Jim Jones is not much of a rapper. In fact, calling him a rapper might be a bit of a misnomer. Getting famous on the frat-party staple, “We Fly High”—you know, “Ballin’!”—Jones has fashioned a career of the most-innocuous and irrelevant aspect of hip-hop, the ad lib, not even the ever-popular one-liners artists like Jadakiss have perfected. In essence, Jim Jones is a glorified hype man. No one listens to Jones to hear what he has to say; they listen to hear the random shit he drops between lines (“Where’s my lawyer?” and “Ballin’!”).
Jones’ voice has but one tone: audible. His inflection never changes, and his dry monotone rarely proves captivating or telling. One can argue the Autotune used in Lil Wayne’s Billboard-smash “Lollipop” is a subconscious reflection of Wayne’s disconnected and robotic relation to sex and women, making his voice literally animatronic. Such hypotheses can’t realistically be made about Jones. He has almost no charisma, save for his random interjections that often become humorous moments. It makes you chuckle but little else.
It’s kind of jarring (read: sad) then, when Jones releases a record more serious than, well, radio fluff—such as the dubiously titled Pray IV Reign. For proof, look no further than the album’s cover: a grainy black-and-white photo of a young boy and a father figure (presumably Jones) walking together. Immediately, it incites thoughts of “Footprints in the Sand”, which, if you know Jones or the album’s first single, “Pop Champaign”, it doesn’t compute.
Furthermore, it comes as a challenge to listen to tracks like “Let It Out”, an attempt to balance the extravagant life of Jones with a slum, drug-dealing past (“To the media we look like savages / But for us, it was a way of life” to “I drop a million on a home / And they still call it a big crib”). Jones doesn’t say anything we haven’t heard a million times in other redemption tracks by similar artists: It’s what we had to do to get by, and I don’t ever want to go back to the way it was, etc. His moral struggles and attempts at emotional depth fall flat (“Choke a bitch out / Then you Heimlich ‘er.”). Tracks like “My My My”, a sentimental tribute to fallen friends, isn’t much better as Jones sounds, per usual, casually disinterested.
The real problem with Pray IV Reign is, again, Jones’ obvious lyrical inadequacies. These shortcomings stand out on the incredible—by any record’s standards—“How to Be a Boss”, featuring guest spots from Jay-Z and Ludacris. The track rides an EKG of strings and razor-sharp snares as Jay-Z delivers a classic chorus, but Jones truly exposes himself when Luda and HOVA spit their own verses. Luda’s, arguably the best guest verse of the year, sees his typical-schizo personality and ping-pong wordplay, “So more money, more power, more clothes / More overseas Bugattis, more powder, more hoes / I’m the American dream, American C.R.E.A.M. / Got America leaning / And see how we serve American fiends / I seen ‘em.”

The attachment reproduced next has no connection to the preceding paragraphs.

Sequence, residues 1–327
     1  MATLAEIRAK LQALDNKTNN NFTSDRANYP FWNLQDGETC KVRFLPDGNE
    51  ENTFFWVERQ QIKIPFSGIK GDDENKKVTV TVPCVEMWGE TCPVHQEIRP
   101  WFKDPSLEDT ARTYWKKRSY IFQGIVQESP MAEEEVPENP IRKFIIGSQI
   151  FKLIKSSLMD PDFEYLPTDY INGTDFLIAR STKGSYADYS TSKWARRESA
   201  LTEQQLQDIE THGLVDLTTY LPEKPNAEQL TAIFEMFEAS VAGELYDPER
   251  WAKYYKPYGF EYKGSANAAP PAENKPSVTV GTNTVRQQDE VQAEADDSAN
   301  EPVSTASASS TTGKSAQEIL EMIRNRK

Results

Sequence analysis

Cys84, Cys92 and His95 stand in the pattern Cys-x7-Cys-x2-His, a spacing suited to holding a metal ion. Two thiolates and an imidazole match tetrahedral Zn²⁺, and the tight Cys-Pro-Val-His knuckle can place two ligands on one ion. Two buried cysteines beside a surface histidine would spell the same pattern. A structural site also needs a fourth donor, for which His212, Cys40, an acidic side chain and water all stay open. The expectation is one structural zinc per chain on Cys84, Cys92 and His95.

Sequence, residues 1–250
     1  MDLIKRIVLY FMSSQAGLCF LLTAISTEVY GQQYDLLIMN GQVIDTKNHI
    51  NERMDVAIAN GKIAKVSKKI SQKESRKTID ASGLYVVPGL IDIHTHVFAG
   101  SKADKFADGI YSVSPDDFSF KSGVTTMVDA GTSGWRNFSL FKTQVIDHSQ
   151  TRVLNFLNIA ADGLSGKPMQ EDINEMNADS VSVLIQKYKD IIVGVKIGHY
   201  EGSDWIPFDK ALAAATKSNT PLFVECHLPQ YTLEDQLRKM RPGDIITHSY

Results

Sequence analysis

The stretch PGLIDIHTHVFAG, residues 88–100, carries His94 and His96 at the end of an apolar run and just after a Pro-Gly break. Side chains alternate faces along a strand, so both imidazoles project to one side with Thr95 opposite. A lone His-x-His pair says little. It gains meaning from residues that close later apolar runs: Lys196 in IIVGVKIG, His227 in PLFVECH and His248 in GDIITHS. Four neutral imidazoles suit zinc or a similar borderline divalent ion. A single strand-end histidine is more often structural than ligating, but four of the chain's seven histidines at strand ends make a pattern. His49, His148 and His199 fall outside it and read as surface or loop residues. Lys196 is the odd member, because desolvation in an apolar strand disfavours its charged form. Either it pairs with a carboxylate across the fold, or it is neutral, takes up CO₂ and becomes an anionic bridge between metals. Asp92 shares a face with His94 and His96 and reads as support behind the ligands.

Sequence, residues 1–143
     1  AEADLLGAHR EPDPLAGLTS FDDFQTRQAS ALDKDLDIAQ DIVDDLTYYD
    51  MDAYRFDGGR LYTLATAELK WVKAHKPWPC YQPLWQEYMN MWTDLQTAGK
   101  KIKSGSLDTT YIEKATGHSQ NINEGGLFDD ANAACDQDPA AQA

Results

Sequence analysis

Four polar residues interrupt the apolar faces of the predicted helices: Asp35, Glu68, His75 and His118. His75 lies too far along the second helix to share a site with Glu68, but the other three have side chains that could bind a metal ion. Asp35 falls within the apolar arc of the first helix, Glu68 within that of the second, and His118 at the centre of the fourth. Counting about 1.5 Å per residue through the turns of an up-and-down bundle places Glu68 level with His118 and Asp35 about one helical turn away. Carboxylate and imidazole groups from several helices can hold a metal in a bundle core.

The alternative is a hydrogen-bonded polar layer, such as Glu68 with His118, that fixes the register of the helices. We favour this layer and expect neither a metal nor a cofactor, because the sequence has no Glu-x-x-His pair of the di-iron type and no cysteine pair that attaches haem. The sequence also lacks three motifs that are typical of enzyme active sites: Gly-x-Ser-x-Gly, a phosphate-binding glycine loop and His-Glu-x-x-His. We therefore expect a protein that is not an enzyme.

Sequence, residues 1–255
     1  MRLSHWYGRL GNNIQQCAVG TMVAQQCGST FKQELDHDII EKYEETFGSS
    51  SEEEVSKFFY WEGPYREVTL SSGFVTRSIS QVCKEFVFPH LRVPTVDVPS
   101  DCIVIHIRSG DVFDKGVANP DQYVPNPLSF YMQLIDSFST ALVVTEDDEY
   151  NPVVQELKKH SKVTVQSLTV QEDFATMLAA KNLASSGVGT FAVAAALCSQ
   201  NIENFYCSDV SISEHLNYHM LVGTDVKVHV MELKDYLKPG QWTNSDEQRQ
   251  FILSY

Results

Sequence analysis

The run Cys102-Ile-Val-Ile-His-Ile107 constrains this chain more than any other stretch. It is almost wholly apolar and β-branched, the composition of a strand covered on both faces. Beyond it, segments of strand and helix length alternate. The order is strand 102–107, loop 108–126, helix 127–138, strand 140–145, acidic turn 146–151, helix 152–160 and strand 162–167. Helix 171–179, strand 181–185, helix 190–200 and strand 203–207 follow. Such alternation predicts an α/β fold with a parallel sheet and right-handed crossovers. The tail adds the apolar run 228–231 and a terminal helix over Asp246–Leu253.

Though Jones goes up against some heavy-hitters on this track, he’s outshined by nearly every guest emcee on the entire record. The most extensive wordplay he displays on the entire disc amounts to naming a track the embarrassingly named “Frienemies” and the album’s title, Pray IV Reign. The epic “Rain” finds Jones using the word “rain” literally, not the eponymous “reign”. Needless to say, captivating lines run scarce.
The album’s big draw and lead single, “Pop Champaign”, is a shell of its predecessor, “We Fly High”. The track’s listenability is near zero; its hook is processed garble; and it doesn’t have the draw of Jones’ staple ad libbing, not to mention he repeats the phrase “pop campaign” on countless tracks throughout the record. In attempting to make a record that avoids the pop fluff he’s become famous for, Jones almost completely rids Pray IV Reign of the redeemable moments from past releases. Jones proves with Pray IV Reign that he doesn’t have much to say in the way of deep, informed sentiment. If Jones’ intention was to avoid the commercial fluff he has become famous for, he succeeded. Unfortunately, he doesn’t have anything else to say.
// Sound Affects
"Sharon Jones and Woodie Guthrie knew: great songs belong to everybody.READ the article